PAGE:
Secondly, " 'the law shuns repeals by implication....' [Citation.] Indeed, '[s]o strong is the presumption against implied repeals that when a new enactment conflicts with an existing provision, "[i]n order for the second law to repeal or supersede the first, the former must constitute a revision of the entire subject, so that the court may say that it was intended to be a substitute for the first." ' [Citations.] Thus, to avoid repeals by implication 'we are bound to harmonize ... constitutional provisions' that are claimed to stand in conflict."

As the city acknowledges, "the language of the constitutional amendments themselves and the 'legislative history' of the various initiative measures does not give any indication whatsoever that there was any thought or consideration given to the potential impact of these initiatives on the subject matter at hand," that is, payment of inverse condemnation judgments. "To the contrary, the arguments in favor of Proposition 13 [which enacted art.e XIIIA] adopt a populist theme that cannot easily be reconciled with [the city's] interpretation of the measure. Proponents of Proposition 13 described the measure as directed against 'spendthrift politicians' and as '[r]estor[ing] government of, for and by the people.' [Citation.]" (Kennedy Wholesale, Inc. v. State Bd. of Equalization, supra, 53 Cal.3d at p. 250, 279 Cal.Rptr. 325, 806 P.2d 1360.) The entire context of modern "takings" theory shares this same populist, anti-government philosophical base. (See, e.g., First Lutheran Church v. Los Angeles County (1987) 482 U.S. 304, 321, 107 S.Ct. 2378, 96 L.Ed.2d 250; Berger, Happy Birthday, Constitution: The Supreme Court Establishes New Ground Rules for Land-Use Planning (1988) 20 Urb. L. 735.) We cannot rationally conclude that the voters, in enacting the initiative limitations on "big government," intended to empower these same governments to damage private property with impunity and without effective means of compelling the payment of just compensation to injured citizens.

Article XIIIC, section 2, begins with the phrase, "Notwithstanding any other provision of this Constitution..." before requiring a two-thirds vote of the electorate to raise funds "for specific purposes" by means of a "special tax." In keeping with the long- standing interpretation of article XVI, section 18, and its predecessors, we conclude that "specific purposes" must be read to mean "specific purposes of the local government"--in other words, not the discharge of a duty imposed by law.

A similar limiting construction of article XIIIB, section 6, was adopted by the Supreme Court in County of Los Angeles v. State of California, supra, 43 Cal.3d at page 56, 233 Cal.Rptr. 38, 729 P.2d 202. In that case, the question was whether a general increase in workers' compensation benefits payable by all employers, also payable by local governments to their injured workers, constituted a "higher level of service" under an existing "program" mandated by the state. If so, article XIIIB, section 6, would require the state to reimburse local governments for their increased costs. (43 Cal.3d at pp. 49-50, 233 Cal.Rptr. 38, 729 P.2d 202.)

The court determined that, in the absence of any countervailing indication in the history of the initiative adopting article XIIIB, "the electorate had in mind the commonly understood meanings of the term ['program']...." (43 Cal.3d at p. 56, 233 Cal.Rptr. 38, 729 P.2d 202.) If the term was used in "such a unique fashion" (id. at p. 57, 233 Cal.Rptr. 38, 729 P.2d 202) as to include any legislation that increased the costs of local government, "the result would be far-reaching indeed" (ibid.). Where "no such intent is reflected in the language or history of article XIII B or section 6," such an interpretation would be unreasonable. (Ibid.)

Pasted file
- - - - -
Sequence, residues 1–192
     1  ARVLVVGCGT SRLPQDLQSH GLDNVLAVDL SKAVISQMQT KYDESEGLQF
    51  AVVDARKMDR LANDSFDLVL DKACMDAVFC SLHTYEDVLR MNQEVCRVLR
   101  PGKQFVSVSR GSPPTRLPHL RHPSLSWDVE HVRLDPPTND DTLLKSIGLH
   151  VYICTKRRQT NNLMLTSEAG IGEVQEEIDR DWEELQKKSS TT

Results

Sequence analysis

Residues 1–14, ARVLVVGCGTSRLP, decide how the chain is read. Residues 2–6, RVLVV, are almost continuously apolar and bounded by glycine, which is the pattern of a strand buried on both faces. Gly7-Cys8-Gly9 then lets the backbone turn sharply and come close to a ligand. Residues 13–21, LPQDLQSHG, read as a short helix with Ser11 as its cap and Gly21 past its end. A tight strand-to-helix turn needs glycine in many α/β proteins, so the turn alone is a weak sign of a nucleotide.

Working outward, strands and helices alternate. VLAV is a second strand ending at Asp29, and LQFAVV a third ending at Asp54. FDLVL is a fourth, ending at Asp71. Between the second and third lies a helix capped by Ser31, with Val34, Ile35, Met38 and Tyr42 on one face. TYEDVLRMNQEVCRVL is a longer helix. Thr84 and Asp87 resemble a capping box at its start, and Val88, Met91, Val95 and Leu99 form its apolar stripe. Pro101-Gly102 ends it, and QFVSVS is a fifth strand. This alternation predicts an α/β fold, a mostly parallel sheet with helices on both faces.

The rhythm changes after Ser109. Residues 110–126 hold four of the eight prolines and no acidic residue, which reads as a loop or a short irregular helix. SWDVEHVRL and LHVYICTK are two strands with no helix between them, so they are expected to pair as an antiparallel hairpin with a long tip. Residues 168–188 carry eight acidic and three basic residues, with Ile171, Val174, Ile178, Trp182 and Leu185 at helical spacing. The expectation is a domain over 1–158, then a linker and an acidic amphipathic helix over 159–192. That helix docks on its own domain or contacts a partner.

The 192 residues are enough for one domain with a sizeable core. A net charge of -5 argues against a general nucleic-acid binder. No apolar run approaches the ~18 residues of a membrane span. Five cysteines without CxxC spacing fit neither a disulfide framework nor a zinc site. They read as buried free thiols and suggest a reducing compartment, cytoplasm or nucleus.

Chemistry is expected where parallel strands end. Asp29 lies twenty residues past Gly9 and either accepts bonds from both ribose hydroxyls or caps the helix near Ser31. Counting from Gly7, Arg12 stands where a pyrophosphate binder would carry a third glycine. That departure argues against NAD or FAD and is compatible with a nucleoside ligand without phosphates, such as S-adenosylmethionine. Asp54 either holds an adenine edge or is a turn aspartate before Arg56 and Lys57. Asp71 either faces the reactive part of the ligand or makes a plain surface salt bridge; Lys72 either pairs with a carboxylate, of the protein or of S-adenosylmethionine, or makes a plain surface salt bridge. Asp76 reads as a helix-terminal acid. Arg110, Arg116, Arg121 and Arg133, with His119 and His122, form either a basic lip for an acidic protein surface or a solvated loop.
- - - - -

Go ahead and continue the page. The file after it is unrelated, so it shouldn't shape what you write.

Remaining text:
In the present case, we think a construction of the term "specific purpose" to include the payment of any debt of the local government, no matter what the source or nature of the debt, would give to the phrase "specific purpose" a unique meaning the voters could not possibly have intended. Such a meaning would ignore both the long-standing interpretation of constitutional debt/taxation limitations in the context of article XVI, section 18, as well as the primacy of the "just compensation" requirement of the state and federal Constitutions. Thus, we conclude payment of a judgment imposed in an inverse condemnation case does not implement a municipal "purpose" within the meaning of article XIIIC. Rather, such payment acts solely to vindicate the constitutional rights of the landowner.

We conclude the assessment of a tax levy is not rendered "impossible," as the city urges, by the initiative limitations or by article XVI, section 18. The trial court correctly ordered the City to pay the judgments in accordance with governing law. The judgment is affirmed.

Thaxter and Levy, JJ., concur.

1. All further references to roman-numeraled articles are to the California Constitution. Article I, section 19 provides: "Private property may be taken or damaged for public use only when just compensation, ascertained by a jury unless waived, has first been paid to, or into court for, the owner. The Legislature may provide for possession by the condemnor following commencement of eminent domain proceedings upon deposit in court and prompt release to the owner of money determined by the court to be the probable amount of just compensation."

The farm owners did not rely in the court below on the "takings" clause of the Fifth Amendment to the United States Constitution. That provision, made applicable to the states by the Fourteenth Amendment, provides for similar but somewhat narrower protection against governmental takings. (Hensler v. City of Glendale (1994) 8 Cal.4th 1, 9, fn. 4, 32 Cal.Rptr.2d 244, 876 P.2d 1043.)

2. Government Code section 970.2 provides, in part: "A writ of mandate is an appropriate remedy to compel a local public entity to perform any act required by this article."